Review by Booklist Review
Detroit investigator Amos Walker is hired by an Ann Arbor couple, Helen and Dante Gunner, who probably wore Earth Shoes and smoked a little weed back in the day. They want Walker to find Jerry Marcus, a local filmmaker who convinced the couple to invest $15,000 in a film about an alien invasion of Ann Arbor, and then disappeared along with his bad idea and the Gunners' money. Walker goes to Marcus' last known address and finds the con man's body stuffed in a cupboard. When Dante Gunner is arrested for the murder, Walker is hired by Helen to prove her husband innocent. There doesn't seem to be much of a case against Guner, but there is another problem: someone seems determined to kill Walker. Indefatigable when threatened, Walker doubles down on the case, at great risk. Estleman has written more than 70 novels and has won four Shamus Awards. This one is typical Walker: great dialogue, world-weary protagonist, sharp plot, and a nasty villain. A great read for fans of old-school hard-boiled mysteries.--Lukowsky, Wes Copyright 2015 Booklist
From Booklist, Copyright (c) American Library Association. Used with permission.
Review by Publisher's Weekly Review
A weak plot, which includes a major contrivance, mars Shamus Award-winner Estleman's 25th Amos Walker novel (after 2014's You Know Who Killed Me). An Ann Arbor, Mich., couple hire the Detroit PI to find Jerry Marcus, a missing filmmaker they invested money with. Marcus was working on a sci-fi project with a premise that sounds like a parody from the Simpsons ("aliens from a planet run by a totalitarian regime come to Earth to clone both front-runners for the office of the president of the United States"). Locating Marcus raises more questions than answers, and Walker soon has several murders to solve. While the hard-edged narration is as spot-on as ever, the supporting characters, from a goth college student with a heart of gold to the detective's clients, are less nuanced than usual. The series's many fans can only hope for a return to form next time. Agent: Dominick Abel, Dominick Abel Literary. (Nov.) © Copyright PWxyz, LLC. All rights reserved.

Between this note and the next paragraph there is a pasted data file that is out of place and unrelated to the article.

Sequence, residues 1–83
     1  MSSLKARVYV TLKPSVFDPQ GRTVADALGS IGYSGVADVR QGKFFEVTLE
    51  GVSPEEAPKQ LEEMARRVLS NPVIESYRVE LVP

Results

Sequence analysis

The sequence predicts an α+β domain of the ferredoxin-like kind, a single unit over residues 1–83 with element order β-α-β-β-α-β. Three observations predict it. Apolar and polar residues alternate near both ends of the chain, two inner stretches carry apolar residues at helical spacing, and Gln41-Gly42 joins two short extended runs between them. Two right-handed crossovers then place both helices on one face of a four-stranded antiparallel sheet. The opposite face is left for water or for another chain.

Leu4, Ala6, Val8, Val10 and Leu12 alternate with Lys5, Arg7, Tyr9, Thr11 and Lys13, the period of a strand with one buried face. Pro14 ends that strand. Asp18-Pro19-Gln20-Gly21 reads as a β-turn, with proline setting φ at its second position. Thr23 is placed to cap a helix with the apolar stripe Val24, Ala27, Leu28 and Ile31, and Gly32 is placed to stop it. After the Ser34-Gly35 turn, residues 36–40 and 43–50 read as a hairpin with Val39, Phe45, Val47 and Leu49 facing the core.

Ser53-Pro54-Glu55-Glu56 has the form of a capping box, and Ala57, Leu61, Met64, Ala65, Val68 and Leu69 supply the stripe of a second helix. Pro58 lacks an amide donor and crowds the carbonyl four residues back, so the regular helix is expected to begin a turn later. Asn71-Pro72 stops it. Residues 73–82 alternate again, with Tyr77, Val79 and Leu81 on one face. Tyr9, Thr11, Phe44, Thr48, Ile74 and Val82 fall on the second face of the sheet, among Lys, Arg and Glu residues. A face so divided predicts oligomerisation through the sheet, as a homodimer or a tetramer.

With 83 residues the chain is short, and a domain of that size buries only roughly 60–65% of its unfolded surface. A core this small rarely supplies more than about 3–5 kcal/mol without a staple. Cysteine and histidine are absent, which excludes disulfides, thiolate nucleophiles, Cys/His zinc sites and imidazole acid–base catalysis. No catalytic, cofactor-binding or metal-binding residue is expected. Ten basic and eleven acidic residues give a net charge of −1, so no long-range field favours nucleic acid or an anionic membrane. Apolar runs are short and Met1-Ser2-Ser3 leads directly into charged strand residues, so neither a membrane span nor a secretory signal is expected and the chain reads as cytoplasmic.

(c) Copyright PWxyz, LLC. All rights reserved
Review by Library Journal Review
In his 24th adventure (after You Know Who Killed Me), Detroit PI Amos Walker is out of rehab and working for Dante and Helen Gunner. They need him to track down Jerry Marcus, a film producer who took their money and disappeared. If Jerry is dead (Amos finds his body), then who is driving in his Crown Vic and shooting at Amos and others? © Copyright 2015. Library Journals LLC, a wholly owned subsidiary of Media Source, Inc. No redistribution permitted.
(c) Copyright Library Journals LLC, a wholly owned subsidiary of Media Source, Inc. No redistribution permitted.
Review by Kirkus Book Review
Truth in labeling commendation: an Author's Note identifies this 25th full-length case for Detroit shamus Amos Walker (You Know Who Killed Me, 2014, etc.) as an expansion of Attitude, a 2004 novella first serialized in the Ann Arbor News. Naturally, the case brings Walker to Ann Arbor, where two specimens of Homo Arboritis hire him to find a missing man and the $15,000 they gave him. Jerry Marcus showed such promise as a digital filmmaker that Heloise Gunnar and her husband, Dante, were more than willing to invest in his latest project, Mr. Alien Elect. Dante doesn't say much; Heloise, every inch the bleeding-heart liberal, insists that Walker leave his gun at home. The point turns out to be moot, because when Walker catches up with Jerry, he's stuffed into his ironing-board cupboard, all possible threats neutralized by a bullet in his head. Or are they? An obliging witness, baldheaded University of Michigan undergraduate Holly Zacharias, maintains that Jerry loaded a box into his Mustang and drove it away right around the time he was supposed to be getting shot. When the Mustang turns up on a country road, just as dead as the corpse, Lt. Alexander Karyl of the Ann Arbor police wastes no time in arresting Dante for Jerry's murder. But Walker can't help wondering if Jerry is really deador if he's gone into hiding after leaving behind somebody else's corpse somehow salted with his own DNA. A visit to Jerry's ex-partner, Alec Moselle, a guerrilla photographer of urban nudes, fans the flames of Walker's suspicions and considerably raises the stakes of his concerns. Since the expansion of his earlier novella doesn't require new plotting or character development, Estleman puts his energy into wisecracks ("If he weren't my only friend I wouldn't like him at all") and fulminations against motel rooms. Fans won't mind a bit. Copyright Kirkus Reviews, used with permission.
Copyright (c) Kirkus Reviews, used with permission.